In memory of a saint-poet

Last Updated 23 November 2015, 18:22 IST
The great saint-poet Kanakadasa lived during the 16th century in Bada village (Shiggaon taluk, Haveri district). He was well-versed in academics, Vedas, literature and the art of war. Due to the early demise of his father, Kanakadasa, who was then called as Thimmappa, became the chieftain of Bada. According to a legend, while carrying out excavation in Bada, Thimmappa found a large treasure chest of gold, which he used for the cause of people. After this, people started calling him by the name Kanaka (golden) Nayaka.

Many believe that once, when he was critically wounded in the battlefield, Kanaka Nayaka felt a divine presence near him, when Lord Krishna asked him to become his dasa (devotee). Kanaka Nayaka then abdicated his chieftainship, became a hermit and called himself Kanakadasa. Thereafter, he immersed himself in authoring devotional songs, poems and other lyrical works and is believed to have been blessed with the darshan of Lord Krishna on many occasions.

During recent excavations in Bada by the Archaeological Department, ruins of a fort and a palace, identified as remnants of Kanaka Nayaka’s reign, were found. Subsequently, the State Government has developed a fitting memorial of Kanakadasa in the vicinity.

A magnificent fort with layered steps leading right to the top has been built. Just before the entrance, at the top, is a life-size statue of Kanakadasa posing as a warrior on horseback and painted in golden colour. The fort, which is spread over 5,000 sq metres, is modelled according to the Vijayanagara-style architecture.

Inside the fort, we find a majestic palace which includes a huge durbar hall, and a smaller Kanaka Memorial Hall. There is a gigantic metallic statue of Kanakadasa inside the palace and the corridors around the halls display beautiful paintings and sculptures depicting various legendary episodes from the poet’s life and times. The fort and the palace are reckoned as centres of knowledge for those who desire to know more about the great poet’s life and his achievements in philosophy, poetry and social reformation efforts.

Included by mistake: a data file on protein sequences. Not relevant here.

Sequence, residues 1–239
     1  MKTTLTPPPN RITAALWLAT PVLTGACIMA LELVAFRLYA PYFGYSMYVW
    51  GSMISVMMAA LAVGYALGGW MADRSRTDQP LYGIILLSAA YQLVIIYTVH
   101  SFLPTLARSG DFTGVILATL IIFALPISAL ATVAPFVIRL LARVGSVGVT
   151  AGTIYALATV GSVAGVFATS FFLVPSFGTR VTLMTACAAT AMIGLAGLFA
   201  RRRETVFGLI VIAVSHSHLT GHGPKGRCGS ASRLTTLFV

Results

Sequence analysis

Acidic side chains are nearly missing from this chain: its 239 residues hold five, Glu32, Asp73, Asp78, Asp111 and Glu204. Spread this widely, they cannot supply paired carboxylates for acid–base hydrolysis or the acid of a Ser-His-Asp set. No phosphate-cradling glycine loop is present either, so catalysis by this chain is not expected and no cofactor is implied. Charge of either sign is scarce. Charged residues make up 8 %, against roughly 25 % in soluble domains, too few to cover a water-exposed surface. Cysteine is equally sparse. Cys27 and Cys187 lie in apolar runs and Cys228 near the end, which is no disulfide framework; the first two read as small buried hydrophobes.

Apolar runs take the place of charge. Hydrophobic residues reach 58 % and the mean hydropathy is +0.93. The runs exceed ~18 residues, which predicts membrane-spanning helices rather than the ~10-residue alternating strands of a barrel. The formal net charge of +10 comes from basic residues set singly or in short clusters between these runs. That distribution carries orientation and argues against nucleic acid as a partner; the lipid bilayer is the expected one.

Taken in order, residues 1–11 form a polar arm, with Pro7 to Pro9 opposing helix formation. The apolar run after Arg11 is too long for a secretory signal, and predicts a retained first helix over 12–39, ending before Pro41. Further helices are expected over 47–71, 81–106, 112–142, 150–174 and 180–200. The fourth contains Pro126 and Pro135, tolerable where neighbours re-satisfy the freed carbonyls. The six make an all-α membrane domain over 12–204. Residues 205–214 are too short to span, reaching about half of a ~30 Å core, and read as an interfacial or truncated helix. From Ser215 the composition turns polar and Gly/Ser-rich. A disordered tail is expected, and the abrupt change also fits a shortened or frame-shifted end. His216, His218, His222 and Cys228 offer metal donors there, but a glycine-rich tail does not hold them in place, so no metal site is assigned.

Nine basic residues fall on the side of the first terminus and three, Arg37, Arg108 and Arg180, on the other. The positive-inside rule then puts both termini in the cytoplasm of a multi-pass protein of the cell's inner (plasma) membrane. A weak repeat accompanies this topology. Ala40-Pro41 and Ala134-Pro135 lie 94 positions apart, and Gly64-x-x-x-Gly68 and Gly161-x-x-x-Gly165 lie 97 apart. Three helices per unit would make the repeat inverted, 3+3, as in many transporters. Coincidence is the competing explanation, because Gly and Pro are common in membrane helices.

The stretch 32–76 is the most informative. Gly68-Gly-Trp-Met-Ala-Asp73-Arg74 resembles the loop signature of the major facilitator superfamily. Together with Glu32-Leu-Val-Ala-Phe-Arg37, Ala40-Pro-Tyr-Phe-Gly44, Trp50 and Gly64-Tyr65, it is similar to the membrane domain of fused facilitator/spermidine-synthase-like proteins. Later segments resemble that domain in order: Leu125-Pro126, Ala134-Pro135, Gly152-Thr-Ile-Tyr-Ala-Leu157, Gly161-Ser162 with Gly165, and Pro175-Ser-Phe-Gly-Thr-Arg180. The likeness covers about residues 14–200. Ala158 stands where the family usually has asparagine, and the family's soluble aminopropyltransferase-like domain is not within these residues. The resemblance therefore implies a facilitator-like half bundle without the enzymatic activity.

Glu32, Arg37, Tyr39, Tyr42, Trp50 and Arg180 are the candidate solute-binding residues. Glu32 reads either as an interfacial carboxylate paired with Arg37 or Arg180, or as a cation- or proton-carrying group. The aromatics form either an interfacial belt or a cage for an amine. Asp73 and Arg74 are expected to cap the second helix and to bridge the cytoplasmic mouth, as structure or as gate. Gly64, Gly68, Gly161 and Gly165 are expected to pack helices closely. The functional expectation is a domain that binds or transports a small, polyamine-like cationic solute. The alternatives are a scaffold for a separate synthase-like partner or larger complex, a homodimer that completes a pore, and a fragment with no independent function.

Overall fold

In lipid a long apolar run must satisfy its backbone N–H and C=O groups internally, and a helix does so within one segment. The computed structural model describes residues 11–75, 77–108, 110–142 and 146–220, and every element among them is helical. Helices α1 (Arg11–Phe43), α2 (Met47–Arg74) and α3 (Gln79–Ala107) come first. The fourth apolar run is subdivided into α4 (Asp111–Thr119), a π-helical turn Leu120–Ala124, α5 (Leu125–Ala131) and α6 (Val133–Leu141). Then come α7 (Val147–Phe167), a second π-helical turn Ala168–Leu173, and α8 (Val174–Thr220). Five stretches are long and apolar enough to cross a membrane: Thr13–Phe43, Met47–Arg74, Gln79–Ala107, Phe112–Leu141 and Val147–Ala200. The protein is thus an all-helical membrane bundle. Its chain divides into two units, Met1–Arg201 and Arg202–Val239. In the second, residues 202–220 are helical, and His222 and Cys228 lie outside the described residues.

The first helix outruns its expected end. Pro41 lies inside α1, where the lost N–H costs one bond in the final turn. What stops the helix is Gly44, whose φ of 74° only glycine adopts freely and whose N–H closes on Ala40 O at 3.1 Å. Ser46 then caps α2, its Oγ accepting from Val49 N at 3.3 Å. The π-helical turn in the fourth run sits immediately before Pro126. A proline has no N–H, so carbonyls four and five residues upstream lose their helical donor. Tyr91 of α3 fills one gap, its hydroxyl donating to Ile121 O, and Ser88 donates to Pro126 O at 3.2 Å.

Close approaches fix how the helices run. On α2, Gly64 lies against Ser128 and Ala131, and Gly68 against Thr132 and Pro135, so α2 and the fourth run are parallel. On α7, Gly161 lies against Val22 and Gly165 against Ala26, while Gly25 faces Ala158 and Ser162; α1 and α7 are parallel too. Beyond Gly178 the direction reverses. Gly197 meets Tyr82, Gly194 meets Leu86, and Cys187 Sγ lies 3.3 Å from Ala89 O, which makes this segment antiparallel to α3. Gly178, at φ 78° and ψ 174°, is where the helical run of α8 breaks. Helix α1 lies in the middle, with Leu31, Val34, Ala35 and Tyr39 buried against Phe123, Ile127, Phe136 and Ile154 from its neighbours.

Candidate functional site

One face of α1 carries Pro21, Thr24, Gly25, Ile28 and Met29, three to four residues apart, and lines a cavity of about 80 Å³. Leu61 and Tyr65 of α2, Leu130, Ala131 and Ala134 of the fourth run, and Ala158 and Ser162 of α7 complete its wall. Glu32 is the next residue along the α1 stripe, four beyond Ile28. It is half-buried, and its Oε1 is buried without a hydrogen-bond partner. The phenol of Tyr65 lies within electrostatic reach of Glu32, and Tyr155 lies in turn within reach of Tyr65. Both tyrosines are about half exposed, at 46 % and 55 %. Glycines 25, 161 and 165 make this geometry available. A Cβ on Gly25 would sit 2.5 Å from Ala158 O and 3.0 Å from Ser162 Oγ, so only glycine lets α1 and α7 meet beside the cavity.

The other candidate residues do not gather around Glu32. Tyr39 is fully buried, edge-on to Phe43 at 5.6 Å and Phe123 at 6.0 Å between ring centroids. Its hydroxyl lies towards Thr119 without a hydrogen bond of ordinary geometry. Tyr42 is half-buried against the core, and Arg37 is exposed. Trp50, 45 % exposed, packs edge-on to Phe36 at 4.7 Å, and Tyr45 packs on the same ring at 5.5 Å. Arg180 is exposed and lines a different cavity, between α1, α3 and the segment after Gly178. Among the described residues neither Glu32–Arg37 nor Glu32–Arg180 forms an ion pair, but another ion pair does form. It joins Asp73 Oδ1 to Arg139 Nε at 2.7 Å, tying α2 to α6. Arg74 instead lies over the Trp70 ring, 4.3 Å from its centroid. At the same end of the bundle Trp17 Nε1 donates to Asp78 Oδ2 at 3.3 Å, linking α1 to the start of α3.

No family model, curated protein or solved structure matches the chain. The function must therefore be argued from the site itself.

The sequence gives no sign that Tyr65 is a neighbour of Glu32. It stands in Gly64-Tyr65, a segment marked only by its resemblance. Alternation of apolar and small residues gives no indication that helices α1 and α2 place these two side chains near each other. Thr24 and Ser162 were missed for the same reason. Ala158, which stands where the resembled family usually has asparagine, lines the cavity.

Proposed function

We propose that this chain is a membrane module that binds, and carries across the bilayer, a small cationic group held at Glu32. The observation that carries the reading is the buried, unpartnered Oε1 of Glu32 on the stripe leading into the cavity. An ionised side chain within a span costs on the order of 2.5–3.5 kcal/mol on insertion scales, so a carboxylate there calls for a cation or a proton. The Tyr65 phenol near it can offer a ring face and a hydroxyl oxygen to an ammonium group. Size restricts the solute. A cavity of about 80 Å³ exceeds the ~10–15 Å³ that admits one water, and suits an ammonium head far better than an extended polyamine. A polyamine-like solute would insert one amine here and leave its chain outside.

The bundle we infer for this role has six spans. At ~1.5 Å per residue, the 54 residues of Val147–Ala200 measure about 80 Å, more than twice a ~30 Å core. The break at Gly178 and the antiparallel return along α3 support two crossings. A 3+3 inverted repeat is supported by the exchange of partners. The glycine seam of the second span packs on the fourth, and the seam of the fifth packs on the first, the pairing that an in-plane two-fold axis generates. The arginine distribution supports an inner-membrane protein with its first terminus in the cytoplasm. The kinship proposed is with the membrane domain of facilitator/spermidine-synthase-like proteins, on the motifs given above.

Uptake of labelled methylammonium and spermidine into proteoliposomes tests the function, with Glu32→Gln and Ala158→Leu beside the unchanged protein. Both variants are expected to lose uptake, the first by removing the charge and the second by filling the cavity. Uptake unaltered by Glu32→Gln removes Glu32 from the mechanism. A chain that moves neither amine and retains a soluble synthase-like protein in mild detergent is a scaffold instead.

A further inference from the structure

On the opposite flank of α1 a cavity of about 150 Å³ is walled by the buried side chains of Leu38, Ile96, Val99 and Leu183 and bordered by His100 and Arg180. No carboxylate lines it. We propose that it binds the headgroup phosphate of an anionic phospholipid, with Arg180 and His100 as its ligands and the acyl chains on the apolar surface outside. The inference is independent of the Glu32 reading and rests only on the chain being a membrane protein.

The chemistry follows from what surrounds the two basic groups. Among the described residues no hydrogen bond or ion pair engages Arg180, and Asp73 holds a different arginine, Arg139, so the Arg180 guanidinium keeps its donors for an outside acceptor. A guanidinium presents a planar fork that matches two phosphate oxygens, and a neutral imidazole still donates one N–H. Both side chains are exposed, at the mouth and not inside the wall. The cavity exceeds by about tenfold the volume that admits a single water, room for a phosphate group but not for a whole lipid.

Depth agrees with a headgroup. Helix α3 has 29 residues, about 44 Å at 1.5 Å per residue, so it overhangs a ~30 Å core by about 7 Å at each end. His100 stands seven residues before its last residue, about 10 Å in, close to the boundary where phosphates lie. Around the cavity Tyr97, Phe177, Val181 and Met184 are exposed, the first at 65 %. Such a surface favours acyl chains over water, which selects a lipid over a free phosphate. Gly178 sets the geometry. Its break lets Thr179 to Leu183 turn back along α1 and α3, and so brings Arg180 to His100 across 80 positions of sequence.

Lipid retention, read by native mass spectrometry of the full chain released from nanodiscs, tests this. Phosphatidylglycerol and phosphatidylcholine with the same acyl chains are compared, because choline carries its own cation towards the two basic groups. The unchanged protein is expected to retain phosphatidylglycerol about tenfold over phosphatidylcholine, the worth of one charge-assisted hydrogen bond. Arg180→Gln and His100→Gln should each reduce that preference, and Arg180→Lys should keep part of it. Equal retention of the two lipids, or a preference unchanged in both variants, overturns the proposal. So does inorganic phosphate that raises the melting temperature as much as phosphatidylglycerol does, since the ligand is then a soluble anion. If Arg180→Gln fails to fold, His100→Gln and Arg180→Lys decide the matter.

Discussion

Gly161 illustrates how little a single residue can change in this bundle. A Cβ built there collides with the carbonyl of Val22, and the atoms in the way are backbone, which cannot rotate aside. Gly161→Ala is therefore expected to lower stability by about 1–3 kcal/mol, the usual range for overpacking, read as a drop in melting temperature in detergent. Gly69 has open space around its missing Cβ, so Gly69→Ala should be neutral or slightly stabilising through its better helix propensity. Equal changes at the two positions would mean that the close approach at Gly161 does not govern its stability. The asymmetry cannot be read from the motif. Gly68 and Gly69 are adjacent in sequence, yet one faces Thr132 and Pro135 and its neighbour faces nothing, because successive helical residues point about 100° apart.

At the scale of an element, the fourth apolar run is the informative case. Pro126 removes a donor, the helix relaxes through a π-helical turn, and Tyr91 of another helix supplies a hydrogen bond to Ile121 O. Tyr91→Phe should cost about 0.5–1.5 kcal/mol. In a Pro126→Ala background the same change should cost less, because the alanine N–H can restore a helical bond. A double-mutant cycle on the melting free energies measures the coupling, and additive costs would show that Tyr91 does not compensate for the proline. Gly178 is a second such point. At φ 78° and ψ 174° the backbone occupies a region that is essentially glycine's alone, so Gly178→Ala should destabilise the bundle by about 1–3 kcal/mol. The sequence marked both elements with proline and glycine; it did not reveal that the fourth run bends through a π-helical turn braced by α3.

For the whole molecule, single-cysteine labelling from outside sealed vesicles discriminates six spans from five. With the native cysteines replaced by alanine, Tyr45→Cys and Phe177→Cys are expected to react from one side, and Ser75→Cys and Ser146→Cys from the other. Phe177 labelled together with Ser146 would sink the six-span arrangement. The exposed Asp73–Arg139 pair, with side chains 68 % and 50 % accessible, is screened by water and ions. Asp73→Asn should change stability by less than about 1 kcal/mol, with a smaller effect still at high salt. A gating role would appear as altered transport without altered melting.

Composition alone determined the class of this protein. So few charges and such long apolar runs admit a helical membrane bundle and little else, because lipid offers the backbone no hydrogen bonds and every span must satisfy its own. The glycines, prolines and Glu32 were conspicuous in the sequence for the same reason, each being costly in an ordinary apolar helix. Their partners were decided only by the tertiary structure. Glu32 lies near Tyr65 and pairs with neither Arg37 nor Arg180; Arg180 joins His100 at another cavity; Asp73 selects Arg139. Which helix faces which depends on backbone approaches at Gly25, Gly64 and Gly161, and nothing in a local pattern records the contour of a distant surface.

Kanakadasa initially worshipped Lord Krishna as Adikeshava at a small shrine in Bada. He moved to Kaginele, a small village in Byadagi taluk, after giving up his princely life. He is said to have carried the idol with him to protect it from the invaders, and installed it at the present location in Kaginele. This ancient shrine of Kaginele Adikeshava stands in all its glory even today. The Adikeshava shrine has a small mantapa and a garbhagriha, where a panchaloha idol of the deity is installed in the vishvaroopa form. There is a neem tree behind this temple with a bench-like platform built around it. Called Kanakadasa’s bench, they say he used to deliver his sermons from here.

Situated at a little distance away from the temple is a shrine called Saint Kanakadasara Gaddige, which has been built above the samadhi of the poet, with a statue of Kanakadasa holding the tanpura and cymbals installed within. A conch and the begging bowl, said to have been used by Kanakadasa, are exhibited here. A large auditorium called Sabha Bhavan has also been built near the samadhi by the Kaginele Development Authority. One can also find a beautiful lake called Kanaka’s Lake adjacent to the samadhi. This is a source of water for many villages in the vicinity. A garden has come up near the lake. A beautifully-decorated chariot called Kanaka Keshava Chariot is placed under a small mantapa nearby and is utilised during processions on Kanaka Jayanthi.

It is heartening to note that the Kaginele Development Authority has played a major role in developing these heritage sites and in popularising Kanakadasa’s thoughts and literary compositions.

(Published 23 November 2015, 16:34 IST)

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